One of President Vladimir Putin’s internet advisors plans to raise the cryptocurrency equivalent of as much as $100 million in a push to help Russian entrepreneurs challenge China in bitcoin mining.
Russian Miner Coin (RMC) is holding an initial coin offering (ICO), where investors will use units of ethereum or bitcoin to buy new RMC tokens. These new tokens will have rights to 18 percent of the revenue earned with the company’s mining equipment, according to a presentation posted on its website.
According to a presentation published in tandem with the unveiling, the team behind the effort is planning to tap as much as 20 megawatts to power their mining farm, using chips developed domestically. Bitcoin mining is an energy intensive process by which new transactions are added to the blockchain, creating new tokens – 12.5 BTC, or roughly $42,000 at current prices – as a reward for the miner.
RMC plans to use semiconductor chips designed in Russia for use in satellites to minimize power consumption in computers for crypto-mining, Putin’s internet ombudsman, Dmitry Marinichev, said at at a news conference in Moscow.
“Russia has the potential to reach up to 30 percent share in global cryptocurrency mining in the future,”
He addd that $10 million from the proceeds of the ICO may be spent developing the processors.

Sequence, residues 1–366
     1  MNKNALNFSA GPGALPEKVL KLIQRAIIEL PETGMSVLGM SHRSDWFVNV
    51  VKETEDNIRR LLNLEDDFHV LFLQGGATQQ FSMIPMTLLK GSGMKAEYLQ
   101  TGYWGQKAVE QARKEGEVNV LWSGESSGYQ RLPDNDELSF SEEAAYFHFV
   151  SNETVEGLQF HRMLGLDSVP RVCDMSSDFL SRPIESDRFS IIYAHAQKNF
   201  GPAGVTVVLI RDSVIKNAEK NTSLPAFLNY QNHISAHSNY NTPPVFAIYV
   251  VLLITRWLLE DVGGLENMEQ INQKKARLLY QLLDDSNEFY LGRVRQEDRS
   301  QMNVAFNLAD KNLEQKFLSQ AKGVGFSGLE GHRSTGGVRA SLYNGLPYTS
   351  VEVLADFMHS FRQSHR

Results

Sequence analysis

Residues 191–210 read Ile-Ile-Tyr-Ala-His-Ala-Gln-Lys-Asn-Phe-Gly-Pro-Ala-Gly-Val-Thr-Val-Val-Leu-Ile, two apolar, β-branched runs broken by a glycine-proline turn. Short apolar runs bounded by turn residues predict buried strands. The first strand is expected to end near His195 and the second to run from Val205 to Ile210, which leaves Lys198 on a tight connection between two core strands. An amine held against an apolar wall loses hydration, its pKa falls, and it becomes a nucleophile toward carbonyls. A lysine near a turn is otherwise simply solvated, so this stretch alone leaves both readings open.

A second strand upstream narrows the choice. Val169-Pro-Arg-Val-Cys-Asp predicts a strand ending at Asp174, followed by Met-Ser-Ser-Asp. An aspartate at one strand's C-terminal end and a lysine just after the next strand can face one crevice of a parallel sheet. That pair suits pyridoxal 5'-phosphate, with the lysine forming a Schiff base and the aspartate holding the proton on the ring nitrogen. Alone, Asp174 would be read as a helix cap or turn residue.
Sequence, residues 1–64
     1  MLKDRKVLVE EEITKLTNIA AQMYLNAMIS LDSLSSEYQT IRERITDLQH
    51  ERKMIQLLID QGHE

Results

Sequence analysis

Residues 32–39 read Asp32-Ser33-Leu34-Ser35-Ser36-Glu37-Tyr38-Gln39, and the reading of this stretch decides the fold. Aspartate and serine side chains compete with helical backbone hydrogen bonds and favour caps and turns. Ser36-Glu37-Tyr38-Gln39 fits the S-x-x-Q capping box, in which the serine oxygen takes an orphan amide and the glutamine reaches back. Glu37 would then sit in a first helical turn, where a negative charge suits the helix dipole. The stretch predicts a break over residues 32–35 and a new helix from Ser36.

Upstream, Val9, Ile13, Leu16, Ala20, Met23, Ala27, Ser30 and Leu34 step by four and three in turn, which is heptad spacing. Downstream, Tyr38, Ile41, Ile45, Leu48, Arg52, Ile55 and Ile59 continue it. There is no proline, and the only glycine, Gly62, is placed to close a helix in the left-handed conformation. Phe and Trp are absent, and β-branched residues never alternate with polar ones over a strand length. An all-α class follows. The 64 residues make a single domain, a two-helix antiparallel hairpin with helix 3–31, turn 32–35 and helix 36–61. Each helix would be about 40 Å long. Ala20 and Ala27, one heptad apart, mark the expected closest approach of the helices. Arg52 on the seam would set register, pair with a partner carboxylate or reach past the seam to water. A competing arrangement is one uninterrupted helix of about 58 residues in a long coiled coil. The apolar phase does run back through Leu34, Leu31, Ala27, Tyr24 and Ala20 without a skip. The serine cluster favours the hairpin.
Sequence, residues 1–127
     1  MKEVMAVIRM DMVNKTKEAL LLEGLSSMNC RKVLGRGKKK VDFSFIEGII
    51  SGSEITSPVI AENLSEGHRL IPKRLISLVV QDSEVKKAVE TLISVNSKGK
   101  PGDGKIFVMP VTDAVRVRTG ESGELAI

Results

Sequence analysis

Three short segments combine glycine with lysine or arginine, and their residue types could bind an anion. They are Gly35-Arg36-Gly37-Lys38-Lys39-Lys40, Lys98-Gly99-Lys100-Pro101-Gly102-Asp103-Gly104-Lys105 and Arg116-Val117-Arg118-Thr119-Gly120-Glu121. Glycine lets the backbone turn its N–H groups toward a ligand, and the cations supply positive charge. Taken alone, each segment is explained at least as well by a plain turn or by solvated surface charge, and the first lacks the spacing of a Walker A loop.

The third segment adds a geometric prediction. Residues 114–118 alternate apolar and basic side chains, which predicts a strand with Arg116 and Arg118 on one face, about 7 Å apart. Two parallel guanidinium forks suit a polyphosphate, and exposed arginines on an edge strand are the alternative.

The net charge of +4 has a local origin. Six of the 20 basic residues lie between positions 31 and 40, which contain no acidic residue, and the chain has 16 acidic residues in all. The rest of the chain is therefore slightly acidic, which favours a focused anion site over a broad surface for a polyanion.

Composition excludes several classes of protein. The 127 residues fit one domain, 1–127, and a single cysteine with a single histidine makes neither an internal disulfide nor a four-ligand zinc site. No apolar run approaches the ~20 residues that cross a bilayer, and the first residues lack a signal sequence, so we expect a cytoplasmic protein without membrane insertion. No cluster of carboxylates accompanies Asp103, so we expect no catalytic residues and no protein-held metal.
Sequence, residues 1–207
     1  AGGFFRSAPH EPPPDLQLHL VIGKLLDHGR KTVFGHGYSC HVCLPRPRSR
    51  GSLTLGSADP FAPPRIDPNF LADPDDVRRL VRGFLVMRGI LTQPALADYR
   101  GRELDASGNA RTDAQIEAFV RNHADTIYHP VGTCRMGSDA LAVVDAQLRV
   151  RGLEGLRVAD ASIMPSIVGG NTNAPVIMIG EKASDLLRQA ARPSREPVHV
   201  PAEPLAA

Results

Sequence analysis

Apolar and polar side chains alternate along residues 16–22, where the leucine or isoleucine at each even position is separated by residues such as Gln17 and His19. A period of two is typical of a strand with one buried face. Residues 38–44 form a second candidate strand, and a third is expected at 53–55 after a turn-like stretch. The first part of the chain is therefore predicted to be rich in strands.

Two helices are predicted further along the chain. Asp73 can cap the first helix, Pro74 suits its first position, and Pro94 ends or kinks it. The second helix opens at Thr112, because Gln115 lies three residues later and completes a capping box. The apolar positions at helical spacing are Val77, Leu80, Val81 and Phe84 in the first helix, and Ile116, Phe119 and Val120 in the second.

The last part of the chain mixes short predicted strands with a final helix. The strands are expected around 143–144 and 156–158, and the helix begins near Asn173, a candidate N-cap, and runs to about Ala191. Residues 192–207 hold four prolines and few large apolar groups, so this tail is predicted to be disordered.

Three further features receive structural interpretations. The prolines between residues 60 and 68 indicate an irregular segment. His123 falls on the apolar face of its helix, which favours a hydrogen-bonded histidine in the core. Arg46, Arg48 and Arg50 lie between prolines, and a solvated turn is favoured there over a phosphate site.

More and more startups are offering tokens as a way to raise money upfront for digital assets in ICOs. Unlike a traditional IPO in which buyers get shares, a startup’s ICO nets you virtual tokens unique to the issuing company or network that grow in value only if the business proves viable.
The U.S. Securities and Exchange Commission last month warned that ICOs may be considered securities and signaled greater scrutiny of the sector, though it stopped short of suggesting a broader clampdown.
Today’s bitcoin mining requires special computers based on chips with minimized power consumption. China’s Bitmain Technologies Ltd. is one of the leading producers of such equipment and also runs Antpool, a processing pool that combines individual miners from China and other countries. Rival Bitfury Group, founded by Valery Vavilov, a Russian-speaking native of Latvia, produces equipment for mining virtual currencies and runs large-scale centers in Georgia and Iceland.
Russia has 20 gigawatts of excess power capacity, with consumer electricity prices as low as 80 kopeks (1.3 cents) per kilowatt hour, which is less than in China, RMC said in the presentation. The company initially plans to locate mining computers based on Bitfury chips in individual Russian households to challenge Bitmain by using Russia’s lower power prices.